That means being able to talk openly and honestly about one’s attitudes and habits regarding money. It is unhealthy that in most cultures, talking about money is taboo. Denial is not just a river in Egypt; and not talking about something doesn’t make it go away. Being accountable to your partner, a friend, or a group – especially a spiritual group – can make it easier to avoid the very real temptations that come with having, and not having, money.

Having a lot of money tempts one to be wasteful, greedy, paranoid, and arrogant. Having too little money tempts one to be thieving, stingy, stressed out, and jealous. Being middle class can tempt one in either direction, depending on one’s personality. Some are constantly striving for more – or, worse, trying to look like they have more. Some are perpetually terrified of losing what they have. Some feel superior and smug, and are always trying to remove poor people from their lives through gated communities, gentrification, and charter schools. Others despise the rich. They feel they are morally superior to the wealthy because their own lifestyles are merely “comfortable,” not extravagant.

None of this has anything to do with spirituality. Spirituality is about Love and putting the eternal over the temporal in importance. Everything in our lives, including money, is simply a reflection of our beliefs. For example, being healthy is the optimal state of being. But having a cold does not make you more or less spiritual than anyone else. If you always have a cold, perhaps there is some area in your life that is being neglected. Or maybe you have small children in daycare and frequent colds are just part of the deal! What matters is how you behave when you’re sick. Do you moan and complain? Do you secretly try and give it to others to bring them down? Or do you deal with it patiently, knowing that it is just a temporary condition, like everything else?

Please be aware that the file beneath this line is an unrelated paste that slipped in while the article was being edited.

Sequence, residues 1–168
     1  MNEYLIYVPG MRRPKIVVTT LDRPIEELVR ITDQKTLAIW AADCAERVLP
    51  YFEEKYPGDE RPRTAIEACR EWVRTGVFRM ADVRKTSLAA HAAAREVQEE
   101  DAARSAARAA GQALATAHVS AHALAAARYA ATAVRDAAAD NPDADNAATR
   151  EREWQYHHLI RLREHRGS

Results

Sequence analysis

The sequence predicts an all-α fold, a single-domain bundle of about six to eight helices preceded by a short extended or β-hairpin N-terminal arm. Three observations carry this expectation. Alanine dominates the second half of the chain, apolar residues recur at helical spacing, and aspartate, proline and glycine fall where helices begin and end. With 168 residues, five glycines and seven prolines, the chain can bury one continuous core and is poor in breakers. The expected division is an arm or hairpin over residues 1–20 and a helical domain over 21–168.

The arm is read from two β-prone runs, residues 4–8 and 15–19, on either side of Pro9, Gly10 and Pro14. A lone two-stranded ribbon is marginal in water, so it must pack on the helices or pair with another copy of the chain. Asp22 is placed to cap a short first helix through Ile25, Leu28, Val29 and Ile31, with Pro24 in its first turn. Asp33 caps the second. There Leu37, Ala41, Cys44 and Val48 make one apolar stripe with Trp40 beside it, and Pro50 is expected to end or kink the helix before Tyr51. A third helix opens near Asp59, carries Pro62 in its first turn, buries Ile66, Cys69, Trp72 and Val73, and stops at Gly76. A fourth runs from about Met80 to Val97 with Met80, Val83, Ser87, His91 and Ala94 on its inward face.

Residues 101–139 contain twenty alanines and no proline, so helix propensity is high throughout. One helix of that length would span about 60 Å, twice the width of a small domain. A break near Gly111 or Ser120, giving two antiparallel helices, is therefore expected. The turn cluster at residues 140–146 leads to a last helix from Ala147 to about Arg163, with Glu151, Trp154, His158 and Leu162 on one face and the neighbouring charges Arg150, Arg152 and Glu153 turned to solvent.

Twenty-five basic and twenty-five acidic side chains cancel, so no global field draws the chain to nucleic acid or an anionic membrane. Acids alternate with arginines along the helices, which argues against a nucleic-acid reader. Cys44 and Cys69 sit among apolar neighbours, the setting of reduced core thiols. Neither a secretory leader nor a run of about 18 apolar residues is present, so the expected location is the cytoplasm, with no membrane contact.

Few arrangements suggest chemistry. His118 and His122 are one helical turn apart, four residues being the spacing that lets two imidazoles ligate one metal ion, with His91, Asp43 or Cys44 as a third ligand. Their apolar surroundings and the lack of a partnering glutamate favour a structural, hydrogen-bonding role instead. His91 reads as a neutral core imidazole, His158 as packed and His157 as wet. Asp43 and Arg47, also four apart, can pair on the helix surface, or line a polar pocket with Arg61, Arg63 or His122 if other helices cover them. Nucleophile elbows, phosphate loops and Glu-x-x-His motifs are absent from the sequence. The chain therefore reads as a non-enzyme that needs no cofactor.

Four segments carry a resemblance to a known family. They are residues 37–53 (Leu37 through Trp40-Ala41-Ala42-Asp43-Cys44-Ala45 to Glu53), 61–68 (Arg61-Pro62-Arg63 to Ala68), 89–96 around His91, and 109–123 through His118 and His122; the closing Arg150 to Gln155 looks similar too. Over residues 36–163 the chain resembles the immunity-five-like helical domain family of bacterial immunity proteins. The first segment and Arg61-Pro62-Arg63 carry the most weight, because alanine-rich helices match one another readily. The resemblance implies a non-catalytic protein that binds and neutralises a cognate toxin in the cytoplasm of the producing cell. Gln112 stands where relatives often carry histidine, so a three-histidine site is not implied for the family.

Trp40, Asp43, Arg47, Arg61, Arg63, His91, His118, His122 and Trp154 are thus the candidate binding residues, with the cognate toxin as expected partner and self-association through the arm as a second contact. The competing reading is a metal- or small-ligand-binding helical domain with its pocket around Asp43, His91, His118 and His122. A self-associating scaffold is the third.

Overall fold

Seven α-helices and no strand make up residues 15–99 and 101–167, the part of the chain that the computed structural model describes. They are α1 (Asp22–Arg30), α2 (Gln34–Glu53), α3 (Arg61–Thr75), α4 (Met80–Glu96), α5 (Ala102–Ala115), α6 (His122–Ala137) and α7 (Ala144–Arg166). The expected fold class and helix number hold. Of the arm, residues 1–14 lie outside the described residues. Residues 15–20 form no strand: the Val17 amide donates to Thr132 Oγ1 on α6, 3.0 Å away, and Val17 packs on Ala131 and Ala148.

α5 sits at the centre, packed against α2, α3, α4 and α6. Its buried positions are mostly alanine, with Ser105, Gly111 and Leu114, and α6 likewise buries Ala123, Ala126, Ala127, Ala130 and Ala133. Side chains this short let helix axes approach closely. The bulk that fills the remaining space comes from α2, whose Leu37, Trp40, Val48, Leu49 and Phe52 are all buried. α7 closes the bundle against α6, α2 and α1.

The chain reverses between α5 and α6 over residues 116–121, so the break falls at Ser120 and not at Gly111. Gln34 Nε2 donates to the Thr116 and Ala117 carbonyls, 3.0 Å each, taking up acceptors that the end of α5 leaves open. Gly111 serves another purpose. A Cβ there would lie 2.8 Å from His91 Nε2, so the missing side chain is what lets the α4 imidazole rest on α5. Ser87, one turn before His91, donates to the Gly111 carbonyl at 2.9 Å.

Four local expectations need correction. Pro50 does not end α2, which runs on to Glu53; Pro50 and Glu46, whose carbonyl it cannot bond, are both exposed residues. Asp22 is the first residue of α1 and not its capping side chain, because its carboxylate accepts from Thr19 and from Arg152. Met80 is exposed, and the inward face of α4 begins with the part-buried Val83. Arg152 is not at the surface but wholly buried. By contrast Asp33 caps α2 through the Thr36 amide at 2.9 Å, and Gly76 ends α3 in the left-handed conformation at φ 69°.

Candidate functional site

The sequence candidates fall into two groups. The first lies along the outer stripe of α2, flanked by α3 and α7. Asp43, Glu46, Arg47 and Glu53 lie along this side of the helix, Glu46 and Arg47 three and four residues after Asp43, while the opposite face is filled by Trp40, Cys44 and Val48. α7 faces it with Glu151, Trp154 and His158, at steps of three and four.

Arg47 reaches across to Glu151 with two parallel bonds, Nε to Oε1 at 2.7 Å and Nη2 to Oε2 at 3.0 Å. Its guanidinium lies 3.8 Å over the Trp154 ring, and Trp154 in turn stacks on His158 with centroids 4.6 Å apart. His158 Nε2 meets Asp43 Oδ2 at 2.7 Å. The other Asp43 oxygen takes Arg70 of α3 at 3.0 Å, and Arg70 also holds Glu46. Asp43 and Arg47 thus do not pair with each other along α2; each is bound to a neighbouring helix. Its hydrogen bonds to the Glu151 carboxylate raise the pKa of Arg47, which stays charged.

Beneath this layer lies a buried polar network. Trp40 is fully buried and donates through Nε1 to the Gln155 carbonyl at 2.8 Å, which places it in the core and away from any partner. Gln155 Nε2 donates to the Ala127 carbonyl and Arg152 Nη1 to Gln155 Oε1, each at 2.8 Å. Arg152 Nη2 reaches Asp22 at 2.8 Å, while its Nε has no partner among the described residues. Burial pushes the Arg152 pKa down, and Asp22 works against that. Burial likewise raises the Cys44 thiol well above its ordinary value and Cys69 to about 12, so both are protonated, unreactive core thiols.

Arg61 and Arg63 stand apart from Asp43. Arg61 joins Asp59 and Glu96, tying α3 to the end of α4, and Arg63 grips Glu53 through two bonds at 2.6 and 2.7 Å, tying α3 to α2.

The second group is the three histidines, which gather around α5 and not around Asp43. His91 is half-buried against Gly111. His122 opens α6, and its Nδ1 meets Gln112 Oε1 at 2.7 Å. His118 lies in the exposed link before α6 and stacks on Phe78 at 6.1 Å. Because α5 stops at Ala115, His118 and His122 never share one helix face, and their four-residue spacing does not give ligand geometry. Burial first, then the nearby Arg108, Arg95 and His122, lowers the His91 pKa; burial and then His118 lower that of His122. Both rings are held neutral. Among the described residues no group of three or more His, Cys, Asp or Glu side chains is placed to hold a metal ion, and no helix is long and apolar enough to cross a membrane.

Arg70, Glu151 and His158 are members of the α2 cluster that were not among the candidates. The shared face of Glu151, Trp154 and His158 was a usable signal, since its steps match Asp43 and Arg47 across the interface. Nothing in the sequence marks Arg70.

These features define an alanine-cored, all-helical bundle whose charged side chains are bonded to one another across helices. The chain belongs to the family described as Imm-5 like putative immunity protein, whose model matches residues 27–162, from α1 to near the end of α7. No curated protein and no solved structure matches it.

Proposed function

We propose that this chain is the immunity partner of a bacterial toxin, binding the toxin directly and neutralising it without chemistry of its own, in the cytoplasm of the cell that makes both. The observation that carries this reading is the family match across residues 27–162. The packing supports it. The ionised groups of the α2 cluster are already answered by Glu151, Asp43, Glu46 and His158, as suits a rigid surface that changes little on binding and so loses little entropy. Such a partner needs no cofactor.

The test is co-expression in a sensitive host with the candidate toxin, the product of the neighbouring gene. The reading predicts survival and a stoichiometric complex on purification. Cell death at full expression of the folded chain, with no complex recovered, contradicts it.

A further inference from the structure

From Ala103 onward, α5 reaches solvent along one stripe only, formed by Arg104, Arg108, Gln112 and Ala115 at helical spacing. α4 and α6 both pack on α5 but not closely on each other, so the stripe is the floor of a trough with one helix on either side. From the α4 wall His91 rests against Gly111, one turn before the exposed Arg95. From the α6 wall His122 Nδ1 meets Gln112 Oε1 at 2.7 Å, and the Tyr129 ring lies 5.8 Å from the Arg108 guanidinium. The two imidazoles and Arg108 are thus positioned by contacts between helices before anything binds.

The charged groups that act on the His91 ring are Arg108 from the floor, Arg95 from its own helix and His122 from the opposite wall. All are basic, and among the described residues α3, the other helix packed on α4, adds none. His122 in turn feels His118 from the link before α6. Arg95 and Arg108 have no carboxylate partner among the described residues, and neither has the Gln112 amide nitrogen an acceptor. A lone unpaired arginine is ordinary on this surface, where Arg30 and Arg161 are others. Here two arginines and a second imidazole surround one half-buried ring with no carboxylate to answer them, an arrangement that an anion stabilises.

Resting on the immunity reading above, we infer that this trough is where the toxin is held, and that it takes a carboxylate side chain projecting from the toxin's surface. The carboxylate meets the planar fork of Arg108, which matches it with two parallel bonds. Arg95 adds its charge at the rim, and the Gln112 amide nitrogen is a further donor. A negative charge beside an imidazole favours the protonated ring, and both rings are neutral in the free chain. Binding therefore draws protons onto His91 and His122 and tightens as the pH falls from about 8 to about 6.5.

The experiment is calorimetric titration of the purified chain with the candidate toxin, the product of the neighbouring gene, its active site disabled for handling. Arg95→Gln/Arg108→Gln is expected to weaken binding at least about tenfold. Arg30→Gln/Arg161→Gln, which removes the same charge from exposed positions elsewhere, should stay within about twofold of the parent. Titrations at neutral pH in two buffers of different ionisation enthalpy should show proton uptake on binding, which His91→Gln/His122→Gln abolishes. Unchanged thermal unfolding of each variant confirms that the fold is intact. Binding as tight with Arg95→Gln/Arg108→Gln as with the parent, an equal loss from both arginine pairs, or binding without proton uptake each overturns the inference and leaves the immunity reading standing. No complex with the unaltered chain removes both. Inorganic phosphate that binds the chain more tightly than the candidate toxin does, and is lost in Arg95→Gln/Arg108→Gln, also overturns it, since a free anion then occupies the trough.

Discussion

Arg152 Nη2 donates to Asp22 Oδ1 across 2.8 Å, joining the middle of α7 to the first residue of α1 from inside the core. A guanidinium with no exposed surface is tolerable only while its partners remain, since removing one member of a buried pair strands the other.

Same goes with money. If you’re broke, do you do your best to be generous where you can – perhaps with volunteer time, or a hug to a struggling friend, or sharing your lunch with someone who has even less? If you’re rich, do you think mindfully before you buy something? Are you able to give without ego rewards or strings attached? Do you really value and appreciate what you have instead of taking it all for granted? This is spirituality. The having or the having not is temporary and, in this day and age, constantly shifting. Though rare, it is possible to go from one financial condition to another almost overnight. But, wherever you go, you bring yourself with you. This is what matters when it comes to spiritual practice.

So, let us all do as the Bible says and “Seek first the Kingdom.” Let’s put the Eternal over the Temporary and experience true happiness. This is what I am striving to do in my life. I have had more and, currently, I have less. My goal is to keep smiling, regardless.

Peace and love,

Raven

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2 thoughts on “Spirituality and Money